1. Ori says:

    In other words, it is not enough to be honest. One must strive to appear honest too.

    However, there seems to be a conflict of interests between being a leader who must appear honest to his followers, and being the head of an institution that relies on donations. Maybe that’s the reason so many of the Tanaim and Amoraim had jobs.

  2. dr. bill says:

    I am dumbfounded. You write: “The recent EJF scandal would look to be one of those times. I am firm in my conviction that all is seamlessly white. What is lacking, though, is transparency.” Devarim (16, 19), particulalry as interpreted by Chazal says otherwise. If one called a tzaddik in the Torah can be corrupted by (even innocent) kindness, are we to assume our generation is immune to such possibilities. Yes, we need transparency, but to be “firm in my conviction” given the largesse involved goes well beyond “havei dan et kol haadam lekav zechut” and imho opposes a verse in the Bible.

  3. Doron Beckerman says:


    Perhaps it just makes it a bit harder.

    Dr. Bill,

    See Chazon Ish there two paragraphs later and on, that Shochad is an exceedingly narrow exception which is a Chok.

  4. Garnel Ironheart says:

    Rav Beckerman, Moshe Rabeinu wore a white cloak for a reason. The Torah is like water. Moshe Rabeinu, a”h, was immersed in water. And we all know what happens to white garments when they get wet.
    Moshe Rabeinu was completely transparent in his dealings with Klal Yisrael. There was no hidden agenda, no hope for personal gain even without harm happening to someone else, nothing other than a sincere dedication to bring his people closer to God.
    But there was also something more, a knowledge that even if one is totally honest, one must also take into account the perception of others. Moshe Rabeinu could have worn a regular outfit (bekisher, sthreiml?) and stood in front of Klal Yisrael 100% confident that he had embezzled nothing. But he didn’t want to rest on his own confidence. He wanted the people to be confident too. That perception is often missing today. Yes, certain great rabbinic figures may have had nothing to do with EJF’s missteps and they know they are blameless. But that’s not how many on the outside see it and their perceptions should matter too.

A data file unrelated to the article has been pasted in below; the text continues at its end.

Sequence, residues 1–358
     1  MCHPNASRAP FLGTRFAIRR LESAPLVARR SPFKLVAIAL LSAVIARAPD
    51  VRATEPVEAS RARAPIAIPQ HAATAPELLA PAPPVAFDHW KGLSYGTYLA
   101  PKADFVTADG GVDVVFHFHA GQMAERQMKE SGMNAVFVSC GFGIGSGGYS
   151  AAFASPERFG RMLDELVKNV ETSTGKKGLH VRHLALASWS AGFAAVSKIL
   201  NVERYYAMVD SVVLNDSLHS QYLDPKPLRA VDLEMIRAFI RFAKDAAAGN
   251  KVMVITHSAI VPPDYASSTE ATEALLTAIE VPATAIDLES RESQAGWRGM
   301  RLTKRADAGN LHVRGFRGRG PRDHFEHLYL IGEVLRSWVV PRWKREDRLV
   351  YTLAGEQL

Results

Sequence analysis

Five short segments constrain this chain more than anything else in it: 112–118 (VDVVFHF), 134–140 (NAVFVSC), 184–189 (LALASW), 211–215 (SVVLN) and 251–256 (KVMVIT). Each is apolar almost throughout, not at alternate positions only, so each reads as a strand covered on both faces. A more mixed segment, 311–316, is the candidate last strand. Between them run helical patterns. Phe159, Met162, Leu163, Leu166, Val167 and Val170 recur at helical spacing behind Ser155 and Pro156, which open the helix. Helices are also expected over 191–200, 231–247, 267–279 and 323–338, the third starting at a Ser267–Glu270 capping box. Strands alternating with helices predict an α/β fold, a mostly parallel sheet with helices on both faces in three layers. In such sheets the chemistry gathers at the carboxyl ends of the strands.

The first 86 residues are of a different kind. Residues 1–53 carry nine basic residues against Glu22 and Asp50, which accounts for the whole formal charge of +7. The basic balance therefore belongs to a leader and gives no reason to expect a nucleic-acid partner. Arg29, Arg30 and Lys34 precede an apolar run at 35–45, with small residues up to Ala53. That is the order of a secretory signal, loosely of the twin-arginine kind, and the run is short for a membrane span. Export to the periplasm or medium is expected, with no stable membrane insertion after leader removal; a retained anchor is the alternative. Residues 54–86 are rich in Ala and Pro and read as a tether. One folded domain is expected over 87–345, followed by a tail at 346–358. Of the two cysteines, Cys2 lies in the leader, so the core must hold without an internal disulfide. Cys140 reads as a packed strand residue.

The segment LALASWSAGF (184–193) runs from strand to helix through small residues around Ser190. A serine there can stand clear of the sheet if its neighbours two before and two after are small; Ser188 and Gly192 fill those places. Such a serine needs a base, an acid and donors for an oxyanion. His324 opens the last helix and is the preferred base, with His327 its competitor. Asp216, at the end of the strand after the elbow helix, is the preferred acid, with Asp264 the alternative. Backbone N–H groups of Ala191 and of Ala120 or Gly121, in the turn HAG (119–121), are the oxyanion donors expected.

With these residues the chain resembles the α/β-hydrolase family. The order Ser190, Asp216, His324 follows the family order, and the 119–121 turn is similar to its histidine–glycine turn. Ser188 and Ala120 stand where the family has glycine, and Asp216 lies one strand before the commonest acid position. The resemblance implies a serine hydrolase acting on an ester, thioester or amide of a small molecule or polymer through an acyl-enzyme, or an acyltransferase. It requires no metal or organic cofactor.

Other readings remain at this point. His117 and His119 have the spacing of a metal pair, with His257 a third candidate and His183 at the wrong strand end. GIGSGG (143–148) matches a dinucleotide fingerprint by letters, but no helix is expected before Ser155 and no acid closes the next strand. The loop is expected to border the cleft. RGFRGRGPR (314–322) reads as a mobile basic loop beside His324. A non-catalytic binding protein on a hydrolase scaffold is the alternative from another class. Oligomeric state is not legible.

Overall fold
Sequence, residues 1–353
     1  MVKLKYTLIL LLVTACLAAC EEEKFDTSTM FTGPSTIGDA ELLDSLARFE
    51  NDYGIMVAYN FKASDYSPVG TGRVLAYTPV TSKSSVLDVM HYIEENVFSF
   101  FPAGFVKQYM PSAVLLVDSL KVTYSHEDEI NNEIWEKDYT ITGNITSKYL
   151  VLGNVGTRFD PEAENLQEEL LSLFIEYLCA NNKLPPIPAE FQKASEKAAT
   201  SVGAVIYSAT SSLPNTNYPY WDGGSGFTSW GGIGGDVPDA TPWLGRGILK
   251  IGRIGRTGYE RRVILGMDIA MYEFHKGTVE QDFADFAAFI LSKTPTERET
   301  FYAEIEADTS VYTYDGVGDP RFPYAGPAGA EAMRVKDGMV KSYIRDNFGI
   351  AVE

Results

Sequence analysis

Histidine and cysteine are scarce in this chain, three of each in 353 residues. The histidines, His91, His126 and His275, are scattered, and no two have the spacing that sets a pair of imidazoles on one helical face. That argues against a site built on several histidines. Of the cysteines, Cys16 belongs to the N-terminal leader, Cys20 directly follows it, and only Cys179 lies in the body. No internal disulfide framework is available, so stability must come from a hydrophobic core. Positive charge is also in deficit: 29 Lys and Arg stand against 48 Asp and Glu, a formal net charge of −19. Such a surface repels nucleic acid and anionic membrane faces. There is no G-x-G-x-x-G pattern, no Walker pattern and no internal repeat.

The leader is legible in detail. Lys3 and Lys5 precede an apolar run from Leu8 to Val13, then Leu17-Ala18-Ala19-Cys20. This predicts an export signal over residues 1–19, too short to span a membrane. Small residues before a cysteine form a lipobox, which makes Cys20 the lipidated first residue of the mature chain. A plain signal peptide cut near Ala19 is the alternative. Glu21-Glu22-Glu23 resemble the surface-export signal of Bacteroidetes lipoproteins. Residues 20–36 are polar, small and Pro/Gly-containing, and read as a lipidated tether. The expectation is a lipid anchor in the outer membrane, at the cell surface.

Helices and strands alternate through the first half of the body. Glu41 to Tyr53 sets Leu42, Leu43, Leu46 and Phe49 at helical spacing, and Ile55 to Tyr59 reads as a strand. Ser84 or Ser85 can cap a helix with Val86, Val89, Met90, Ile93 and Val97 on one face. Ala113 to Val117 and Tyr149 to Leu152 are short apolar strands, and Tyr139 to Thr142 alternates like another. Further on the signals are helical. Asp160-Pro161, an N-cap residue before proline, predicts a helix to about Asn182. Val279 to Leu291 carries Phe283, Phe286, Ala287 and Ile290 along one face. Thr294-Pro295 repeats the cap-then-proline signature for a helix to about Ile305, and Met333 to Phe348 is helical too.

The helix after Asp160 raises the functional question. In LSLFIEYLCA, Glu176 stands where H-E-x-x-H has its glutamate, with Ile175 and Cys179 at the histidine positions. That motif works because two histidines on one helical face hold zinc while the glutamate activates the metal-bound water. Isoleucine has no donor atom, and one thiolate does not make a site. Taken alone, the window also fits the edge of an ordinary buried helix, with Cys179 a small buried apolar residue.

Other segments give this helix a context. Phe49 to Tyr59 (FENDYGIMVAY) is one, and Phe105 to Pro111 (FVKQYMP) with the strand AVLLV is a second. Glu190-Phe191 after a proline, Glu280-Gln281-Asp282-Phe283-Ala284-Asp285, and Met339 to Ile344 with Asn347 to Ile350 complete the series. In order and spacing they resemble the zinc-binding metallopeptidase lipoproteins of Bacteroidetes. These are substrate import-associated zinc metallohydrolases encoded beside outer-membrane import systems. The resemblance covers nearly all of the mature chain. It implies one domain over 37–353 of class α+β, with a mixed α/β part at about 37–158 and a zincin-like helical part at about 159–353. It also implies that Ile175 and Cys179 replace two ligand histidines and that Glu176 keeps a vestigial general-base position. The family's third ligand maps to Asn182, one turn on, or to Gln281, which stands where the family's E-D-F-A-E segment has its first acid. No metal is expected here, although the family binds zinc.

5. Ori says:

    Garnel Ironheart, do you think Moses’s behavior was an example of not putting a stumbling block in front of the blind? If people suspected him of embezzlement, they’d probably speak about it. It would be extremely difficult for them to avoid Lashon haRa. This way, the Israelites were not tempted to commit that particular sin on that particular occasion.

  6. Garnel Ironheart says:

    Hi Ori,
    I don’t think I mentioned stumbling blocks before the blind. Besides, the midrash and Rashi’s commentary bring plenty of examples of how the people complained about Moshe Rabeinu’s behaviour and nitpicked about every little thing he did. Perhaps this is why he made such a tremendous effort to avoid any opportunity for complaint on this occasion.

  7. Ori says:

    Garnel Ironheart, you didn’t say it – but it read as if you were thinking in that direction, so I wanted to check.

    A related question, would it be “not putting a stumbling block” if we today try to act in a way that looks like we couldn’t cheat?

  8. dr. bill says:

    Rabbi Beckerman, Consider yourself in good company; my question remains regardless of who might agree with you. The CI ztl’s explanation, as you reference it, is neither the pshat of rishonim (see – Rashi or Seforna) nor is it normative (Choshen Mishpat 9). I suspect he may be making a related but different point; I need to think about his viewpoint more carefully. Perhaps, in “brisker” fashion how a student should treat his teachers may be different than how indviduals (even tzaddikim) ought treat themselves.

    In this case, particularly, given the financial aid and largesse that was funneled through the individual in question, one would expect many not to investigate but recuse themselves.